Finding and retaining top talent in China is a headache for most employers operating in the country. The solution? Find a celebrity leader.

That recommendation comes from a survey of senior executives at director level or above in mainland China, in which more than 90 per cent of respondents said that having senior leaders who are charismatic, inspiring, credible spokespeople is very important to their decision in joining an organisation.

It’s a finding that resonates in China and Hong Kong. For instance, mention the name Alibaba, the Chinese company that is now the world’s biggest retailer, and the image of a smiling, slightly built man with elfin features immediately springs to mind. Jack Ma, the company’s founder and chief executive, is synonymous with the empire he built from scratch, and attracts top talent as much because of his own star quality as for Alibaba’s phenomenal success.

Ma’s success story is well-known to everyone in China and Hong Kong. From a modest background, and after being rejected ten times by Harvard University, he became China’s richest man after seeing an opportunity in China’s lack of presence on the internet and plugged the gap by building Alibaba. The organisation is growing fast, with employee numbers rising from 22,000 in 2012 to more than 36,000 people today, mainly in China.

Talent is attracted to Alibaba by Ma’s fame and also because of an historical tendency in China to follow charismatic leaders, said Linda Zhang, partner in charge of Heidrick & Struggles’ Shanghai office.

“Historically, China used to be a society ruled by people as supposed to a society ruled by law,” Zhang explains. “Relationships and human interactions are very important in Chinese culture. Chinese people work for their managers and superiors first, then ‘for the company’. A charismatic leader obviously helps to attract and retain talent.”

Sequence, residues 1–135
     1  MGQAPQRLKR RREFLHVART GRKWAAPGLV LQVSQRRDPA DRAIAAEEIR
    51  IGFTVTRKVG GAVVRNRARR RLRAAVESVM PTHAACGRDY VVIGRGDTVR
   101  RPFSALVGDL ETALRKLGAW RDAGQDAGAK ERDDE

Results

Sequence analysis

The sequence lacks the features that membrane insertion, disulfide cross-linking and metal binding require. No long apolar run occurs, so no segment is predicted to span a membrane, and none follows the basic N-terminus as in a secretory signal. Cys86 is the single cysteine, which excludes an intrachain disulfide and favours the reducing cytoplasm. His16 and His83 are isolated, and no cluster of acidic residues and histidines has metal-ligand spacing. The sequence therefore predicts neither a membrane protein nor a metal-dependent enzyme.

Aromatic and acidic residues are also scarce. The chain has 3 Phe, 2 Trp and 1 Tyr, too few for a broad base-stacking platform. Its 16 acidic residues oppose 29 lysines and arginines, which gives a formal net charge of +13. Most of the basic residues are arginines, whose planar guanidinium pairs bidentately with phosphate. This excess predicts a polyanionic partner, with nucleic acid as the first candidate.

It’s a similar story in Hong Kong, said Klaus Heldman, partner in the consumer markets practice at Heidrick & Struggles.

“Talking to senior executives in Hong Kong, high-quality leadership definitely makes a big difference – a charismatic, inspiring and credible leader is a critical talent magnet,” he said.

Heldman says the city’s compact size means leaders are very visible to their teams and have a big impact on an organisation’s employer value proposition and brand. Also, the city has a history of family-led business successes, fronted by leaders with celebrity status, such as Hong Kong’s Li Ka-shing, Asia’s richest man.

If you don’t have access to a Jack Ma to lead your company in China, Zhang advises looking for leaders with four key traits and abilities.

“They should be visionary or have dreams, ideals and beliefs in what they do; they should be passionate in what they do; they should be fair, honest and have a high level of integrity; [and they should be] able to make a big impact,” he said.

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